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Man Cops $21,000 Fine For 'Gross Stupidity' After Setting Workmates Shirt On Fire

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Man Cops $21,000 Fine For 'Gross Stupidity' After Setting Workmates Shirt On Fire

An Australian man has been ordered to cough up $21,000 after being convicted of a workplace bullying incident.

Luke Chenoweth was working on an electrical job with an apprentice at a Woodville aged care facility in Adelaide two years ago.

When lunchtime rolled round, the 28-year-old decided to pull what he thought was a cheeky prank on the 19-year-old sparky. Chenoweth squirted lighter fluid on the apprentice's foot and groin before setting his shirt on fire.

Credit: Channel 7
Credit: Channel 7
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The South Australian Employment Tribunal has heard he chased the young man around the site and continued to squirt the fluid onto him. The tribunal was told the 19-year-old could have suffered second-degree burns if he didn't quickly take off his clothes.

Deputy President Magistrate Stuart Cole said the workplace bullying incident was an act of 'gross stupidity' and could have led to serious injury or death.

"The potential for a devastating outcome from this incident was real," he said.

Credit: rkempjr/Creative Commons
Credit: rkempjr/Creative Commons
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"[The victim] was an apprentice with little if any control or influence over the defendant as a supervisor."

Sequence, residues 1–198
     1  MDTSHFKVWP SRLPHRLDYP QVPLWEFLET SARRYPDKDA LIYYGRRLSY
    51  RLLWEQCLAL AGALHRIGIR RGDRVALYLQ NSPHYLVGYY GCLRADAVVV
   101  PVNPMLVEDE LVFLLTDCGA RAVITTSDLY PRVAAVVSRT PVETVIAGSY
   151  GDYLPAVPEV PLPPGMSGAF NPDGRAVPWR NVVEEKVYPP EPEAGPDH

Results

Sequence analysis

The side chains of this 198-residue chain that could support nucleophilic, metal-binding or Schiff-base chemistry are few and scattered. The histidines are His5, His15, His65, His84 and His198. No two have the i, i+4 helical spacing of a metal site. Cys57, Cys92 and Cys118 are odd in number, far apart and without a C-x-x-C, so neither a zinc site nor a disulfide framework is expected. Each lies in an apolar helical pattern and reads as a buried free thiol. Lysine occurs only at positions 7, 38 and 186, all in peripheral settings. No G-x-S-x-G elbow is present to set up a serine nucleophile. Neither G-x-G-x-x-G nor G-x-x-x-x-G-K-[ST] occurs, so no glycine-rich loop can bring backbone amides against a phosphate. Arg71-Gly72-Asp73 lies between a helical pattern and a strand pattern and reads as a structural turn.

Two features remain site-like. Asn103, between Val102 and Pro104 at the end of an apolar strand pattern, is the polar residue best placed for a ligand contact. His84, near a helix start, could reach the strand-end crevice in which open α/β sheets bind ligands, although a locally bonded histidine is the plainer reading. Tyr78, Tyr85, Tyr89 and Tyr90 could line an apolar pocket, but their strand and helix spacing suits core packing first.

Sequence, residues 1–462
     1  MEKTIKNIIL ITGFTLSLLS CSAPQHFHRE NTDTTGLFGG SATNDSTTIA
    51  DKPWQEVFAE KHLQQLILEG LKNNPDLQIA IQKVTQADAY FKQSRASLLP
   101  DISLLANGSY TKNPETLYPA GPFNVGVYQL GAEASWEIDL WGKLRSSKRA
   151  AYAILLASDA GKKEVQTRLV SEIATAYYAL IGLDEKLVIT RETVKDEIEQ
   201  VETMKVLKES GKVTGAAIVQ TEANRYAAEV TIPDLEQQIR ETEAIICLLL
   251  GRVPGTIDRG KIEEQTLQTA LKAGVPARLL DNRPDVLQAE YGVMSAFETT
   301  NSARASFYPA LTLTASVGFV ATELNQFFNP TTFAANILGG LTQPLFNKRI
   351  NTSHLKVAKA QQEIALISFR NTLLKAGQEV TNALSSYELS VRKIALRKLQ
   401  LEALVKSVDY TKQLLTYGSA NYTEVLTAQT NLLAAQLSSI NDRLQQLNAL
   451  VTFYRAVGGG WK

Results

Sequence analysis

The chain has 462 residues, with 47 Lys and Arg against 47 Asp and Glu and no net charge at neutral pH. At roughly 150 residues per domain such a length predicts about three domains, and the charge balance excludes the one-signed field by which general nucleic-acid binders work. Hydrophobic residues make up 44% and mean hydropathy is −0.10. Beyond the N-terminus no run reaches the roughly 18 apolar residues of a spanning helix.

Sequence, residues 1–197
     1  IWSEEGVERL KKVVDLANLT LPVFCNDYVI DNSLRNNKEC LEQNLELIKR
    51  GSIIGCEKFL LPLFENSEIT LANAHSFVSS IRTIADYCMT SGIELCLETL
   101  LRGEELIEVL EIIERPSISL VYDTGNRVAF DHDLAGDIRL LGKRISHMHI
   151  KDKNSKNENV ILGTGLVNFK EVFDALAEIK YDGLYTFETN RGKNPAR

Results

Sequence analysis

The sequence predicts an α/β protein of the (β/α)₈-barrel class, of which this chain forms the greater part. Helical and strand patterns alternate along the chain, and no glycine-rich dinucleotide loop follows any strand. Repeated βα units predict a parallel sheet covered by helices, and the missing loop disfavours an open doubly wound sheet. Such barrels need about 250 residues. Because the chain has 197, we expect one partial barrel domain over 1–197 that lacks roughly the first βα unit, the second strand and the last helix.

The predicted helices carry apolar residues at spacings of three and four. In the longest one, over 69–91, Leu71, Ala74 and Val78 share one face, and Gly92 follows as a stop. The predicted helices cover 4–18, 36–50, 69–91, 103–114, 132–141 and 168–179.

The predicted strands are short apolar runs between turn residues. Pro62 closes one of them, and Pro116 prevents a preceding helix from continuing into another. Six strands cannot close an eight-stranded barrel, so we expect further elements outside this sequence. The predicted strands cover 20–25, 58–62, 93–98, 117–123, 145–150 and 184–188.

Chenoweth pleaded guilty to breaching workplace safety laws and as a result has been fined $21,000, the largest workplace bullying penalty in South Australian history.

The tribunal heard this wasn't the first time the apprentice had been bullied by Chenoweth.

According to 7News.com.au, the 28-year-old tied the victim to a ladder with duct tape, locked him in a shipping container, whipped him with vinyl, refused him medical treatment after an electric shock and verbally abused him.

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The company Chenoweth worked for. Credit: Channel 7
The company Chenoweth worked for. Credit: Channel 7

WorkSafe SA executive director Martyn Campbell said: "He was verbally abused, he had his tools hidden, he was locked in containers. So for him, it was pretty traumatic and probably a lot more serious for him than other people would consider.

"Mr Campbell said the penalty sent a strong message that workplace bullying would not be tolerated.

"We all have children or somebody that we love, we send them to work and we expect them to be looked after and supervisors to have a responsibility to make sure that they're safe."

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The company Chenoweth works for, Tad-Mar Electrical, has pleaded guilty and will have their day at the tribunal in two months. Another man involved in the incident pleaded guilty and has been fined $12,000 after a hearing earlier this year.

Take this as a warning not to be a dickhead at work.

Featured Image Credit: Channel 7

Topics: News, Australia

Stewart Perrie
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